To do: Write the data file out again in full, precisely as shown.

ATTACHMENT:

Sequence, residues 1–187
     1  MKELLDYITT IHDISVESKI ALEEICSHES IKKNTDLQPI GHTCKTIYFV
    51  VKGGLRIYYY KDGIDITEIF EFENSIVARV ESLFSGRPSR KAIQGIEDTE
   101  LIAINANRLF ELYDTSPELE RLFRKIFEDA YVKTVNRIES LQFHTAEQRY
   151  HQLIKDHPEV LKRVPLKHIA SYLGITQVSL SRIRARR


Sequence, residues 1–187
     1  MKELLDYITT IHDISVESKI ALEEICSHES IKKNTDLQPI GHTCKTIYFV
    51  VKGGLRIYYY KDGIDITEIF EFENSIVARV ESLFSGRPSR KAIQGIEDTE
   101  LIAINANRLF ELYDTSPELE RLFRKIFEDA YVKTVNRIES LQFHTAEQRY
   151  HQLIKDHPEV LKRVPLKHIA SYLGITQVSL SRIRARR